Table 3:Young patients’ (age cohorts) self-rated dental fear and pain experiences. The subjective assessment of pain=Yes or No was given after the extraction procedure (missing data n=14). Dental fear, as rated on a scale 0 to 4, 0=no fear, fear =1-4, (missing data n=12).
Full treatment acceptance was recorded in 73.6% during the extractions. In extractions reported to cause pain, 61% cooperated well (Table 4).
Table 4: Children’s self-rated pain experiences and the degree of treatment acceptance, as rated by the dental personnel, on a scale 3-0, by Rud and Kisling.
The subjective assessment of pain=Yes or No was given by the child after the extraction (missing data n=16).
Most of the patients (77%) showed full treatment acceptance with parental presence in the dental room. The corresponding figure was 55% for the parent not being present. All 37 three-yearold had their parents present in the dental room. Among the 166 seven-year-olds, two were not accompanied by an adult. Among the 11-year-olds, 26 out of 179 had no parent present. Among the 15-year-olds, 25 out of 45 managed on their own.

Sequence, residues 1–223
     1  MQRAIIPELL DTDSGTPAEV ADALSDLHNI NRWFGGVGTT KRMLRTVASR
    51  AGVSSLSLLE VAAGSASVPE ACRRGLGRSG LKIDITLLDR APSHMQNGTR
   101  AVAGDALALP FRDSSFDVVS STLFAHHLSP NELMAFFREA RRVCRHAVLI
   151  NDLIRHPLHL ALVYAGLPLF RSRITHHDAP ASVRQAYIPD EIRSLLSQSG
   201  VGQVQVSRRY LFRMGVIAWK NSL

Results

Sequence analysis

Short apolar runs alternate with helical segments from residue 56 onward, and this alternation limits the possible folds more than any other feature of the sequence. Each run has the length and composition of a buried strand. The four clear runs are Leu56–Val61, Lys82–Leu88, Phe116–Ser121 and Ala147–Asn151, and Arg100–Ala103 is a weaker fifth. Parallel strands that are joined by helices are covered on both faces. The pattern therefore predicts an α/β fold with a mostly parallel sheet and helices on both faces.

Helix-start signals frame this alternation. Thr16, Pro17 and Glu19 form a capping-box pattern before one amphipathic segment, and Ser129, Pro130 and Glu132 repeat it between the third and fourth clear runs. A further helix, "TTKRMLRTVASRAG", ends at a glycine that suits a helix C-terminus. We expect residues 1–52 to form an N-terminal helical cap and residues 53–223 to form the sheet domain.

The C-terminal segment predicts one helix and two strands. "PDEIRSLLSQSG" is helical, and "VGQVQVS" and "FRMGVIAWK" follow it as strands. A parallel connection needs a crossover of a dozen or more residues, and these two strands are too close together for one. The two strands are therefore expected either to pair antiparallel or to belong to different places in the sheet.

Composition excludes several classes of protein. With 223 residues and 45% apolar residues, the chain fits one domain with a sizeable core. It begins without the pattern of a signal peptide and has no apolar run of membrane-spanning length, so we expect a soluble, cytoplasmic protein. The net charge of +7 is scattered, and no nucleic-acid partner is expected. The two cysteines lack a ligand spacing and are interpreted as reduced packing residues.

This longitudinal, 5-year study voiced children’s and adolescents’ self-reported pain, discomfort, and fear during dental extractions. The main results showed that more than 60% of the dental extraction appointments involved painful experiences. Furthermore, pain was equally reported among the different age groups. The extracted teeth were predominantly performed in young schoolchildren. This may indicate that more vulnerable children were at risk experiencing pain at an early stage of their dental care encounters. Within the extraction procedure, the injection was most frequently reported responsible for the negative experiences. During decades, pain has been connected with dental extractions and concerned children and adolescents . It could be reasoned that the injection techniques have not developed sufficiently, despite alternative anesthesia delivery methods, Computer controlled local anesthesia, Jet injectors, Iontophoresis and Computer controlled intraosseous anesthesia [18,19]. An explanation might be that as these methods lie in the hands of numerous dentists, the injection performance may not be possible to calibrate. Other factors adding to the child’s pain experience may be the dentists handling the onset of the anesthetic, the amount of delivered anesthesia, or a complementary anesthesia differently. A noteworthy result was that topical anesthesia was applied in only 35% by the dentists, which is astonishingly low given the scientific evidence in support of the technique, which is in alignment with earlier result . Furthermore, adding to the children’s uneasiness, discomfort was reported frequently during the extraction procedure. Thus, despite a complete anesthesia numbness, discomfort may have been experienced due to cracking sounds and/or the perceived pressure during the dental luxation. Discomfort has not been given much attention in the dental literature compared to general medical care . The frequently reported discomfort also suggest that the dentists may not have practiced current theoretical knowledge sufficiently, which needs to be recognized [7,8].